An employee at a Vietcombank branch in Hanoi (Photo: VNA)

Hanoi (VNA) - Vietnam’s lenders are gathering speed, posting the second-highest growth by country in this year’s ranking of the top 100 banks in the Association of Southeast Asian Nations (ASEAN).

Global financial affairs magazine The Banker of news organisation The Financial Times made the announcement in an online report this month.

The largest increase in the ranking goes to Cambodia, which grew by 30.4 percent, although it has only one lender – Acleda Bank – recognised on the list. Cambodia also accounts for only 0.1 percent of the total assets in the ranking, down from 0.19 percent the year before.

Vietnamese banks – 19 of which made the ranking – grew their assets by the second-highest amount, 15.66 percent, and although they still contribute a relatively small share of the total assets in the ranking, 7.46 percent, they are up from 6.21 percent in the previous year.

The ranking remains dominated by Malaysia, Singapore and Thailand, which jointly hold nearly three-quarters of the total assets.

However, growth does not necessarily translate into profitability, the report said.

With an aggregate return on assets (ROA) of 0.8 percent and return on capital (ROC) of 12.19 percent, Vietnam is placed at the tail-end of the ASEAN ranking for returns.

Instead, as has often been the case in the past, the champion in that category is Indonesia, which boasts an ROA of 2.7 percent and ROC of 25.31 percent.

Vietnam’s banks stood out in terms of asset growth, with Vietnam Prosperity Bank coming out on top with a 35.02 percent increase, followed by local competitors Saigon Commercial Bank and Shinhan Bank Vietnam, which expanded by 34.22 percent and 33.32 percent, respectively.

The country’s banks look to be poised to continue this rise. In addition to robust growth and stability, banking penetration remains among the lowest in the region. Only 30.86 percent of the population aged 15 or over had a bank account in 2014 in a country of 91 million people.

However, as Vietnamese banks expanded their operations, they did not raise capital at a corresponding pace. Vietnamese banks registered a meagre 4.54 percent uptick in Tier 1 capital, the lowest ranking among the countries measured.

Although the local banks are among the least profitable in the ranking, the situation is improving, with Vietnam showing a six percent increase in pre-tax profits, a larger hike than for any other country except Singapore, where profits increased by 10.91 percent.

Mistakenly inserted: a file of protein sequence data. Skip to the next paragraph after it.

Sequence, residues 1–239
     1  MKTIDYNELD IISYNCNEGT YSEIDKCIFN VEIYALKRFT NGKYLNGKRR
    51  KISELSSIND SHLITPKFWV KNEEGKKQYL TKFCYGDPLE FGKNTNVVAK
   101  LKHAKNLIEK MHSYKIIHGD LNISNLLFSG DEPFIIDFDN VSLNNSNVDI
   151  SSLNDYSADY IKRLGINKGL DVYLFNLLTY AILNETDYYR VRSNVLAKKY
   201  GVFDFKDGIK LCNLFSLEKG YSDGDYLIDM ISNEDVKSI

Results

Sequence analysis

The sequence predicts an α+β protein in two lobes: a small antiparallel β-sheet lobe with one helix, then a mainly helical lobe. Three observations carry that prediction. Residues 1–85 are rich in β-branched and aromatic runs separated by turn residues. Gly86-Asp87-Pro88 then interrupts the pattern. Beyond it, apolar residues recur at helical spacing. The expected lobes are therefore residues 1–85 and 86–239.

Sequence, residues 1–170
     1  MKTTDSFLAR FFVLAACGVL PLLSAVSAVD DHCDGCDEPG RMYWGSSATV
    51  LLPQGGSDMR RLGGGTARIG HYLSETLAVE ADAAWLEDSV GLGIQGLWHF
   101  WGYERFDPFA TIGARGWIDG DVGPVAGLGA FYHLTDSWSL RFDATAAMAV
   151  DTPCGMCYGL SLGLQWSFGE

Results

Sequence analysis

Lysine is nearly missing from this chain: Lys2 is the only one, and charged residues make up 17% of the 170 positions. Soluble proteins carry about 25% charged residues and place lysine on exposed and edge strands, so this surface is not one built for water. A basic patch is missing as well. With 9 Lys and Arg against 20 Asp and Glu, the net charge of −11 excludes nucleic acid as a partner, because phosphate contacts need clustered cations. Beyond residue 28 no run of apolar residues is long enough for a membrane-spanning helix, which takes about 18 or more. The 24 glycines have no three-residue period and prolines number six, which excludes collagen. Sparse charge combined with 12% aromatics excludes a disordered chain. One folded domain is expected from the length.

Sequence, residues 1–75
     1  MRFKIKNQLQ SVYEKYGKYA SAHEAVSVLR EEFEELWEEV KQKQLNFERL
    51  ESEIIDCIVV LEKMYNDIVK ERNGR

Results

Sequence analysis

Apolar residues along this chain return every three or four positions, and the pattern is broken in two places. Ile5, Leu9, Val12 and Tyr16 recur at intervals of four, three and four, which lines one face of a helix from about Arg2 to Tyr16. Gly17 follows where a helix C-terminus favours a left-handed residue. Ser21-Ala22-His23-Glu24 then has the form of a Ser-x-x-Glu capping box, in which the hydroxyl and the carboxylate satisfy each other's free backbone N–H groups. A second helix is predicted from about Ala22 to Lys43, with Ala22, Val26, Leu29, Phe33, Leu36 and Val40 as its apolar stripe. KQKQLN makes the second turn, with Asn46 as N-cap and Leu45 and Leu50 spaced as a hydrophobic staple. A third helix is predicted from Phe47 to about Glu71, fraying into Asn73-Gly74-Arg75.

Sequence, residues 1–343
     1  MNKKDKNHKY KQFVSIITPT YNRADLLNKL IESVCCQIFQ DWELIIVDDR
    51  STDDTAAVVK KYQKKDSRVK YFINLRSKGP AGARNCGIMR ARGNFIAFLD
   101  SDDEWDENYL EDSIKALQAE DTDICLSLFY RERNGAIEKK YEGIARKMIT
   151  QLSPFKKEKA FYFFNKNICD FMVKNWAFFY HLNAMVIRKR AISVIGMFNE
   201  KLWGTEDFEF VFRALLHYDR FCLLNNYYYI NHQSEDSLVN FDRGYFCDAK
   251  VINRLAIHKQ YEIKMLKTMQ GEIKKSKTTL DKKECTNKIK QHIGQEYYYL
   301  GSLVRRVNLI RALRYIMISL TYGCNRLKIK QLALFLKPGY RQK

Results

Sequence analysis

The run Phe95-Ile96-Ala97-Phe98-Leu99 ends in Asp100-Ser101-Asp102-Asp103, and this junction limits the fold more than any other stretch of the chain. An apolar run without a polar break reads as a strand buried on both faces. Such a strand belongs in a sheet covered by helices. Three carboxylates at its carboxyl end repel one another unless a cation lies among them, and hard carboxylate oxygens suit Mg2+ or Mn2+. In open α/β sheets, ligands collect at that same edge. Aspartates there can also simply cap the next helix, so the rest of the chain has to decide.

Another notable growth story comes from the Philippines, which showed the largest asset growth in last year’s ranking. Local balance sheets grew by an impressive 13.59 percent, the highest after Vietnam and Cambodia, but more slowly than the year before when the country’s banks recorded a 21.26 percent expansion.

East West Banking Corp and Land Bank Philippines contributed the best performances, with their assets growing by 31.7 percent and 23.21 percent, respectively. However, as in the case of Vietnam, asset growth did not mean a major increase in the capital base, as the aggregate Tier 1 capital growth by Filipino banks amounted to 6.53 percent.

Indonesia’s institutions dominate the returns tables, with Bank Rakyat Indonesia boasting the highest ROA and ROC in the ranking, at 3.85 percent and 37.58 percent, respectively. Bank of Central Asia followed on its heels, coming second for both ROA and ROC, with 3.75 percent and 32.22 percent, respectively.

Overall, six of the top 10 banks for the highest ROA and five of the top 10 banks for the highest ROC are Indonesian.

Indonesian lenders managed these high profits while simultaneously posting the highest Tier 1 capital increase in the ranking. For all Indonesian banks in the ranking, Tier 1 capital grew by 11.93 percent, more than in any other country bar Cambodia, where the single lender, Acleda Bank, increased its capital base by 22.29 percent.

Still, "Vietnam is on its way to becoming a heavyweight presence in Southeast Asia, with the top ranking for asset growth," The Banker’s data editor Matthew Karwacki wrote in the report.-VNA